Connect with us

Lifestyle & Culture

Study charts rising trend of image-based sexual abuse

Image-based sexual abuse is the non-consensual taking, sharing or threatening to share nude or sexual images of a person, including the use of digitally-altered imagery.

Published

on

Photo by Leon Seibert from Unsplash.com

Image-based sexual abuse is increasing, according to new research.

A survey of more than 2,000 Australians found 1 in 3 had been victims of image-based abuse, compared with 1 in 5 in 2016. The survey also found the perpetration of image-based abuse had increased, with 1 in 6 people surveyed reporting they had taken, shared or made threats to share a nude or sexual image of a person without that person’s consent, compared with 1 in 10 of those surveyed in 2016.

The findings are detailed in a new report Image-Based Sexual Abuse: An International Study of Victims and Perpetrators, which presents the results of the first cross-national survey on image-based sexual abuse, conducted in Australia, New Zealand and the United Kingdom in 2019.

The Australian survey follows a similar study conducted in 2016 – the first of its kind – allowing the researchers to compare results for the first time.

Image-based sexual abuse is the non-consensual taking, sharing or threatening to share nude or sexual images of a person, including the use of digitally-altered imagery.

Lead author Associate Professor Anastasia Powell said although it’s commonly referred to as “revenge porn”, the study shows the perpetration of image-based abuse is not limited to jilted ex-lovers out for vengeance.

“We found that image-based sexual abuse is used by perpetrators of domestic violence and sexual assault, in stalking and sexual harassment, as well as in threats and bullying by peers and other known people,” Powell said. “Not only this, but we found high numbers of victims had never consented to having their image taken.”

The interviews with victims uncovered cases of people being photographed or filmed without their knowledge in the shower, while sleeping, over Skype and during sex.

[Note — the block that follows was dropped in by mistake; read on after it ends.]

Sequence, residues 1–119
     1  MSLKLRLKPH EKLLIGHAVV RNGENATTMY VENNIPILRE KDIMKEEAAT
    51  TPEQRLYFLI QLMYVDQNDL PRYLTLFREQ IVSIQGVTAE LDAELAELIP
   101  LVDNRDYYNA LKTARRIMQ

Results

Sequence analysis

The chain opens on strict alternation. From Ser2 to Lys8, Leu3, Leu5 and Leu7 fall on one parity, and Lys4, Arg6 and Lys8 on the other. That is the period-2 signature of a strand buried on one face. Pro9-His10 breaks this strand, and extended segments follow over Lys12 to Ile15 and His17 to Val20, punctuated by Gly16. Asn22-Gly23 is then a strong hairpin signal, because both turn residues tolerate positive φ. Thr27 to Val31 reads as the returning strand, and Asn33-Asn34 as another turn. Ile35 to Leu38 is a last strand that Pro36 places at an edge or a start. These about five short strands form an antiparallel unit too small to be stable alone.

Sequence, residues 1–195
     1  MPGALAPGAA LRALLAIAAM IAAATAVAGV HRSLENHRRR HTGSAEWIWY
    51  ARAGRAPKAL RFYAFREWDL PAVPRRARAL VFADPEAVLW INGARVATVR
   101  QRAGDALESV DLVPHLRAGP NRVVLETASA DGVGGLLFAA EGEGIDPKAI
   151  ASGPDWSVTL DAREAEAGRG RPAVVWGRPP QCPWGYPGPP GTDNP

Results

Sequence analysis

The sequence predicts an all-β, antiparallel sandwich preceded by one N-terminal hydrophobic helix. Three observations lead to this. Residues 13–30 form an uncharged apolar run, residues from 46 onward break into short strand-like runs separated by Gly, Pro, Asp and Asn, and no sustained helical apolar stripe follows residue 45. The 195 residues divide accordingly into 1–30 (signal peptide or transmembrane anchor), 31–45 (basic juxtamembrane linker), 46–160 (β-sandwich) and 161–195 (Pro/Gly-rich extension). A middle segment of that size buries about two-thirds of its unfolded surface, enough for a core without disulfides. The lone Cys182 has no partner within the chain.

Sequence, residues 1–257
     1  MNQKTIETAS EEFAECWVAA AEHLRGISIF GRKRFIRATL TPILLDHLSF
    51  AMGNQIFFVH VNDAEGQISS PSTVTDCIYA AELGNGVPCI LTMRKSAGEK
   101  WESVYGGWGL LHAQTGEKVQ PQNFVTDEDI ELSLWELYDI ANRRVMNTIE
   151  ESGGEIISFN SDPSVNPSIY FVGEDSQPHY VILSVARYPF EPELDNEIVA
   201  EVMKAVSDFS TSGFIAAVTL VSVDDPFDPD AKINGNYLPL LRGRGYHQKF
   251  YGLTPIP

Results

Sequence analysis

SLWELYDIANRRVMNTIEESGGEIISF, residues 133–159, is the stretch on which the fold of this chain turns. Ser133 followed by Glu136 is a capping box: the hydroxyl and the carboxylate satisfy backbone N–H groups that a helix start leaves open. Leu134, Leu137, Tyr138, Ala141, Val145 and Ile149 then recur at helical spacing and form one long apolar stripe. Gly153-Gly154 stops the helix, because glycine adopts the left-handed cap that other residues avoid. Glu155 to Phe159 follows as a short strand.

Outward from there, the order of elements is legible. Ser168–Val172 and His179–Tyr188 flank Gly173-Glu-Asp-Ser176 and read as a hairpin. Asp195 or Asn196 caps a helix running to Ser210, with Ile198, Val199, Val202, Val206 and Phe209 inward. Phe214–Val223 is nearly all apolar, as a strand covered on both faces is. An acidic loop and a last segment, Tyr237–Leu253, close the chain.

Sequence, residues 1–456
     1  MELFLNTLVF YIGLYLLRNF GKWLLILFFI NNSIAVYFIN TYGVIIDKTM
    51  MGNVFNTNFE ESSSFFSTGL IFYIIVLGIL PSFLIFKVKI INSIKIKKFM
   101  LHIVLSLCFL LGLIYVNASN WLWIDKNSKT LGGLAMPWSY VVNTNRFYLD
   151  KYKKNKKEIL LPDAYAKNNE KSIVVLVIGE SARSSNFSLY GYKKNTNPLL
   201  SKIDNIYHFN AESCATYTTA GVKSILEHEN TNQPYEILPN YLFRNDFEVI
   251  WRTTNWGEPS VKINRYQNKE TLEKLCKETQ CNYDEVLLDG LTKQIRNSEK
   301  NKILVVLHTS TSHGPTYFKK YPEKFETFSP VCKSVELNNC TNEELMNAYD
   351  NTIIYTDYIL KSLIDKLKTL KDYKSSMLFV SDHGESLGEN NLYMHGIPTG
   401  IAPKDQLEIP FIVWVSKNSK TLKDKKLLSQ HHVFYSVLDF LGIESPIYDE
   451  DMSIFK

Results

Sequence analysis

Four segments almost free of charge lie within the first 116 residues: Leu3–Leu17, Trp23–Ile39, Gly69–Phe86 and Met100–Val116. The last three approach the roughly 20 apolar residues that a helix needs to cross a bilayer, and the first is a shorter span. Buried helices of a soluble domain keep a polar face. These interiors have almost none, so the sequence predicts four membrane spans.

“We also found no increase in people sending consensual sexy selfies. All this suggests it’s not victim behaviour driving the rise in abuse, but rather the actions of perpetrators.”

The survey of 2,054 Australians aged 16-64 also found that:

  • Young people were twice as likely as those aged over 40 to be victims of image-based sexual abuse, with those aged between 20 and 29 years the most likely group to be victims.
  • Men and women reported a similar frequency of victimisation, but women experienced higher levels of harm from the abuse, including being more than twice as likely as men to report being fearful for their safety from the perpetrator.
  • Men were more likely than women to be perpetrators.
  • Perpetrators reported that their reasons for the abuse included for fun, to flirt or be sexy, to impress friends or trade images, to control, embarrass, and/or get back at the person in the image.
  • The most common sites for distribution were social media, email and mobile messages.
  • Rates of image-based sexual abuse victimisation were similar across Australia (35.2%), UK (39%) and New Zealand (39%).

Notably, while results showed strong support among survey respondents for image-based sexual abuse to be made a criminal offence (at more than 80%), less than half knew that it that it actually was a crime to take, distribute or threaten to share nude or sexual images of a person without consent.

Co-author Associate Professor Asher Flynn from Monash University said these findings highlighted the need for greater awareness-raising and legal education.

“We need to make sure that those laws are enforced – that victims are supported, and perpetrators are held to account,” Flynn said. “There is also a need to build information about the seriousness and harmfulness of image-based sexual abuse into respectful relationships education.”

But most of all, for Flynn, “we need community attitudes to change so that whether it is our friend, a family member, a fellow student or co-worker whose image is shared without consent – we place the blame and shame on the perpetrator of the image-based sexual abuse and not on the victim.”